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Zucchini Pancakes (Hobakjeon)

Zucchini Pancakes (Hobakjeon)

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I got this recipe from a Korean cooking blog called Maangchi.com for zucchini pancakes. The Korean name for this is Hobakjeon (squash pancake). One day I was craving potato latkes and breaded zucchini with Italian breadcrumbs.  And I didn’€t have potatoes, or Italian breadcrumbs. So I looked up zucchini pancake and found this recipe. I’ve made it twice a week for weeks now. It’s super easy, as you only need 5 main ingredients: zucchini, flour, water, salt and oil. Maangchi serves this with a dipping sauce made with soy sauce, but I like it best with just a sprinkle of sea salt right after frying.

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Maangchi also uses a bit of sesame oil at the end of frying, so the sesame permeates the pancake creating a nice aroma and flavor. You can do this if you have sesame oil and want a hint of that Asian taste. I only do this when I’€™m making the soy dipping sauce. You can check out ingredients and instructions for the sauce on her website. I’ll just keep mine simple for now.

Zucchini Pancake – makes 1 pancake

adapted from maangchi.com

Ingredients:

  • 1 1/2 cups julienned zucchini
  • 1/2 cup flour
  • 1/2 cup water
  • 1/2 tsp. salt
  • vegetable oil for frying

Directions:

1) In a bowl, combine julienned zucchini, flour, water and salt.

2) In a large frying pan, heat 2 Tbsp. oil on medium high heat. Using a spoon, spread zucchini mixture evenly onto the pan. Swish and tilt the pan to ensure the oil is evenly coating the bottom of the pancake and the pancake isn’€t sticking to the pan.

3) After a few minutes peak underneath the pancake to see if it is browning. Using a spatula, flip the pancake to cook the other side (or if you’re a master chef, flip it without the spatula). Be careful with splattering oil. Use the spatula to press down on the pancake every so often. Add a bit more oil if necessary.

4) When both sides are golden brown and crispy, transfer pancake onto a dish. Sprinkle salt on top and serve.

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If you’€re not a professional vegetable chopper (I think I’m a slow-poke though people tell me I’€m pretty fast) this is the fastest way for me to julienne a zucchini:

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Chop off the ends and discard them. Slice the zucchini into even, thin strips like this. Should take about 2 seconds.

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Taking a stack at a time, chop those into thin strips.

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And in about 10-12 seconds you’€ll have this giant mess.

Okay, maybe it’€ll take a couple minutes.

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In a bowl, combine julienned zucchini, flour, water and salt.

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In a large frying pan, heat 2 Tbsp. oil on medium high heat. Using a spoon, spread zucchini mixture evenly onto the pan. Swish and tilt the pan to ensure the oil is evenly coating the bottom of the pancake and the pancake isn’€t sticking to the pan.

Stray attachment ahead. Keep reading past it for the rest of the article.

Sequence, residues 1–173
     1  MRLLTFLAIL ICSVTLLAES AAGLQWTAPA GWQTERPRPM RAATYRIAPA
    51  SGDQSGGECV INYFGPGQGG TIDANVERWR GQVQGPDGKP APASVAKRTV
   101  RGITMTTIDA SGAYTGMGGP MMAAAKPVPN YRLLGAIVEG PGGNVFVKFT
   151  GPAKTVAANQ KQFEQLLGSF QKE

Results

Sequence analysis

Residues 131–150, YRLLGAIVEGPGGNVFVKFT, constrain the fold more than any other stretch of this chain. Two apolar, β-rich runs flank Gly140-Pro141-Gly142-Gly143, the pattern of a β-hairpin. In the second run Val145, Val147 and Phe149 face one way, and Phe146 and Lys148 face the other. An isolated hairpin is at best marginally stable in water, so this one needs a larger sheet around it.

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After a few minutes peak underneath the pancake to see if it is browning. Using a spatula, flip the pancake to cook the other side (or if you’€re a master chef, flip it without the spatula). Be careful with splattering oil. It will splatter if you added more oil than you should (in my case, I usually do). So if you’re a klutz, hold two spatulas using oven mitts and wear an apron and face mask.

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Use the spatula to press down on the pancake every so often. Add a bit more oil if necessary.

Sometimes I get a little ahead of myself and turn it before its a deep golden brown. It’€s ok, just flip it over again and brown until you’€re satisfied with it.

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When both sides are golden brown and crispy, transfer pancake onto a dish. Sprinkle salt on top and serve.

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I have two pancakes here because I used an entire zucchini, which yielded 3 cups of zucchini rather than the 1 1/2 cup for one pancake. And that way my husband and I get our own because we’re a couple of fatties. Ok I speak for myself, I wanted my own pancake. Because I’€m the fatty.

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If you find that you wanted the pancake more doughy/chewy on the inside, add an extra bit of water. If you wanted it less doughy, reduce the amount of water. Fiddle around with the proportions until you’€re happy with it. You’€ll be making this a lot this summer as people leave you baskets of squash at your door.



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